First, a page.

Jeffrey N. Wasserstrom, China in the 21st Century: What Everyone Needs to Know (Oxford: Oxford University Press 2010)
Thirty years ago, the People's Republic of China (PRC) rarely made it into the Western newspaper headlines. Only when something very extraordinary happened, such as when President Richard Nixon made his historic trip to Beijing, the capitol of China in 1972, will a newspaper reserve space to report news about China. Thirty years have passed, and it doesn't take much effort to discover information about China in the newspaper, because news about China is reported routinely in Western newspapers, and not just on one section, but in every section, including sports, economic, science, etc. China has grown rapidly in the past thirty years, from a land of villages to a country with more millionaires, more cities with populations exceeding one million, more internet users and more skyscrapers than any other country. Given all of this, Jeffrey Wasserstorm believes it is essential for everyone to learn about China. China in the 21st Century, written in a question and answer format, provides general information that the author believes is what everyone needs to know. However, this book will not suit the needs of readers who want to learn more about China's history and culture in depth.
The structure of the book contains two parts. The first part focuses on the past, while the second part focuses on the present and the future of China. Wasserstorm starts the book with an historical overview. To avoid confusing readers with the many dynasties of China's long history, Wasserstorm has selectively chosen his materials. He emphasizes the early Chinese schools of thought with a main focus on Confucianism, the political structures and major political ideas. The first part of the book ends with a look at the events and people which lead to the New China. In the second half of the book, Wasserstorm focuses on the present and the future of China. He starts with a look at some of the most significant people, policies, and events from 1978 to present. Then he moves on to discuss some misunderstandings between US and China. The book ends with some forecasts about China's future and its role in the world.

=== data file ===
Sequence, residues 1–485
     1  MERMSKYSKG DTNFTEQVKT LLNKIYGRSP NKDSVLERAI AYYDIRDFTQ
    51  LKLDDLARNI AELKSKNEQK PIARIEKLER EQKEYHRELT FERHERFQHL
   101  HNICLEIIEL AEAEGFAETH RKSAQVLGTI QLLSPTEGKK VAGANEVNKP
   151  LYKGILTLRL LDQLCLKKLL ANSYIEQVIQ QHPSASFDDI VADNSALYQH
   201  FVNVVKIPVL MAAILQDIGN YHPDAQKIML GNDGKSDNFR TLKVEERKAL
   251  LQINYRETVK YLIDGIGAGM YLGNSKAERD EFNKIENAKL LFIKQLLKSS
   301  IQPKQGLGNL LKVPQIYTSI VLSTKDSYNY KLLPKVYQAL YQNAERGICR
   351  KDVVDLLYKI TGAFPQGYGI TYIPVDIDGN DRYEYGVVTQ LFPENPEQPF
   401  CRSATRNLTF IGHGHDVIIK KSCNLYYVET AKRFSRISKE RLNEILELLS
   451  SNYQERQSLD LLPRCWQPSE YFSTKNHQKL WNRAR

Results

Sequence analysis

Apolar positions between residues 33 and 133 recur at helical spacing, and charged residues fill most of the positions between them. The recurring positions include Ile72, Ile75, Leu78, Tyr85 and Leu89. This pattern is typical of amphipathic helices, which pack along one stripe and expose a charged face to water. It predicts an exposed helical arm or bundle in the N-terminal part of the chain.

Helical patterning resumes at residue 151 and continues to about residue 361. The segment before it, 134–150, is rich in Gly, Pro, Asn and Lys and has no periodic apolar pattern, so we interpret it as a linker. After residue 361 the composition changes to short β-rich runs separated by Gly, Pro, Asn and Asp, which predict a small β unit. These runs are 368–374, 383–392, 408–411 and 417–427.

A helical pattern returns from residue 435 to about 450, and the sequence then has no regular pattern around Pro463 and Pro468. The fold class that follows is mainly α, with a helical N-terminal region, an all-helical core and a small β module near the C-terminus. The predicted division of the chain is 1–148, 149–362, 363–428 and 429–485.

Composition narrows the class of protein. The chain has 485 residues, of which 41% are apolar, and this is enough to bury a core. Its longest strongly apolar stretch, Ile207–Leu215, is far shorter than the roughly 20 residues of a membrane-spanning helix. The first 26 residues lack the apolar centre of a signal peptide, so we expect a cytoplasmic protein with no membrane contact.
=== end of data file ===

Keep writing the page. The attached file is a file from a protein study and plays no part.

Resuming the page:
Despite a strong authorial point of view, Wasserstorm has tried to maintain a balance by including views from different perspectives. In the chapter "Revolutions and Revolutionaries", Wasserstorm focuses on Mao, the most important leader of modern China. Wasserstorm first mentions the view from an English-language biography--Mao: The Unknown Story. This book written by Jung Chang and Jon Halliday, mostly provides a negative view of Mao by portraying him as a heartless monster. Wasserstorm then explores other alternative ways to view Mao. One is by comparing Mao with Andrew Jackson, both are far from perfect, but who nevertheless played a significant role in the development of a mass political movement. Also, Wasserstorm talks about the views of the ordinary Chinese. Many of them view Mao as someone who no doubt had his dark side, but also had played a significant role in developing the New China and made great contribution.
China in the 21st Century might be too light for an expert in Chinese history and culture, but the ordinary American and even Chinese will find the contents helpful. China has 5,000 years of history and also has experienced rapid growth in recent decades, which makes it impossible to include everything in a 150-page book. Wasserstorm selects what he believes is essential for most his readers. China in the 21st Century serves very well as a "Chinese 101" tool, giving readers an accurate, broad overview of China's history and the major factors which influence life in modern China. However, by necessity, there is little depth, so when readers find a topic interesting, they will need to search for other books for more detail.